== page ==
With a landslide of wins in nearly every key state, the Republican Party has retaken the Senate majority for the first time in eight years. Coming into the election with only six seats needed to retake control and riding a wave of national Democratic discontent, the GOP painted the election results maps red. The sweep did not stop with the Senate races, as Republican candidates ousted incumbents and turned back challengers in governor’s races and the House as well.
The Republican Party now controls the Senate 52 seats to 45, with some states still to be finalized. Louisiana is headed to a runoff election Dec. 6 between Democrat Mary Landrieu and Republican Bill Cassidy. Alaska has not yet finished tallying their votes. Always slow to count, the state is also one of the last to close its polls. At this time Republican challenger Dan Sullivan has a slight lead over incumbent Mark Begich. Virginia is still too close to call.
Out of key states identified before the elections, Arkansas, Colorado, Iowa, Montana, North Carolina, South Dakota and West Virginia all went to the Republicans, with Michigan and New Hampshire managing to hold onto their Democratic seats. Even though the results are not finalized, party leaders have quickly hailed the trouncing of the Democrats as a rebuke to the White House and a mandate for change in Washington.
Senate Majority Leader Harry Reid, Democrat from Nevada, released a statement last night acknowledging that his party had lost control and congratulating his Republican party counterpart Sen. Mitch McConnell, just re-elected in Kentucky. McConnell declared that the results signify the start of “the race to turn this country around.”
McConnell said that he did not expect that President Obama was going to view the world any differently when he woke up on Wednesday, and acknowledged that he would not either, but that both have an obligation to work together. He said that the two-party system does not mean there has to be perpetual conflict.
However, the new landscape means the Republican party now has new power to challenge the president’s agenda in his final two years in office. They will be able to launch investigations, hold hearings from both Senate and House, hold up key appointments, and pass GOP-favored legislation. Obama will be holding a press conference Wednesday afternoon.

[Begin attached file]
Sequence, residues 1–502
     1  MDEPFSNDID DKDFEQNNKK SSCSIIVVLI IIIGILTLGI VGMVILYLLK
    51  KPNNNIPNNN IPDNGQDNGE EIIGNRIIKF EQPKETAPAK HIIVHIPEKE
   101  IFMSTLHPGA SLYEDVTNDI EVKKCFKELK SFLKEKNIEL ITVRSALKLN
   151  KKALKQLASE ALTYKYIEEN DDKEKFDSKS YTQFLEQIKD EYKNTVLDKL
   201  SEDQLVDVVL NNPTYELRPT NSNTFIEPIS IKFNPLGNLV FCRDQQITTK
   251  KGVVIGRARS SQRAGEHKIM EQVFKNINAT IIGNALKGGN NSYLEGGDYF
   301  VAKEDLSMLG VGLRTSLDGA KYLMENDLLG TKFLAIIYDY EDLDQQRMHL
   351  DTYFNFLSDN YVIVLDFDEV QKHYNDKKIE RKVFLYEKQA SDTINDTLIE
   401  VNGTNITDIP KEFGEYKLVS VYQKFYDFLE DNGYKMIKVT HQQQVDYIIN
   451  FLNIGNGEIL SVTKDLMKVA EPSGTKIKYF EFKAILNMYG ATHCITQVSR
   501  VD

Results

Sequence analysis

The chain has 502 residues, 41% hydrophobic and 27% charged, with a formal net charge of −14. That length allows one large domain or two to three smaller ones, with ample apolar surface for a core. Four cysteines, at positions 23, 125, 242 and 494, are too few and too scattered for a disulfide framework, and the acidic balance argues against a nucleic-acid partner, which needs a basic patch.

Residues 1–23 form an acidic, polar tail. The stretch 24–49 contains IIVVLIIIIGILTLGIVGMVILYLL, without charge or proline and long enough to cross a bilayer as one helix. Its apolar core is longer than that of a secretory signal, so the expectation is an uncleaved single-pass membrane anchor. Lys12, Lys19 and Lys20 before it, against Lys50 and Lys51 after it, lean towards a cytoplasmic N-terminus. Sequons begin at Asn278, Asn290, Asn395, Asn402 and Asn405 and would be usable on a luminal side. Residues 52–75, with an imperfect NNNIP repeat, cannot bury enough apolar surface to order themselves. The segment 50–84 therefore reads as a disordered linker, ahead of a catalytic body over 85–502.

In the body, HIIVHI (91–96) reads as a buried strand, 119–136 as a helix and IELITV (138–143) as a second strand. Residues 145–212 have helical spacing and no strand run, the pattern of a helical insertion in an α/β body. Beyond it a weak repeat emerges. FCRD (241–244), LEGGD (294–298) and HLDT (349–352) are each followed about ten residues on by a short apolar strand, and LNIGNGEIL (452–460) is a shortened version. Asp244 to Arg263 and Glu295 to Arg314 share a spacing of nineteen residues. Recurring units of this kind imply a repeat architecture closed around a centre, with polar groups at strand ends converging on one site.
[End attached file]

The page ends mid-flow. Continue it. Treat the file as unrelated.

With 36 Senate eats up for grabs on Tuesday, Republican party incumbents in Mississippi, Tennessee, Main, Wyoming, South Carolina, Idaho, Texas, Alabama and Oklahoma all held on. The open Nebraska Senate seat went to Republican Ben Sasse. Democratic senators in Illinois, New Jersey, Hawaii, Oregon, New Mexico, Minnesota, Massachusetts, Delaware and Rhode Island all retained their seats, and the open seat in Michigan went to Democrat Gary Peters.
Thirty-six gubernatorial races were also at stake. Nearly a dozen state governors were considered in danger, making it one of the toughest years for sitting governors in decades. Democratic incumbents in New York, New Hampshire, Minnesota, California, Colorado and Oregon held onto their seats, but many of the Republican victories came in reliably Democratic states. Illinois, Maryland, and Massachusetts all went to the GOP. President Obama’s home state of Illinois went with the Republican party on Tuesday, and Massachusetts has its first Republican governor since Mitt Romney. Republican Rick Scott defeated Charlie Crist in Florida’s highly publicized race.
The Obama factor weighed heavily on Democrats on Tuesday. Fox News exit polls showed that 34 percent of voters reported voting to show their opposition to Obama’s policies. Only 20 percent voted to show support for the president. The economy was the big with voters, with 43 percent reporting that it was the most important issue. Those people voted for the Republican party candidate by a 20-point difference according to exit polls.
By Beth A. Balen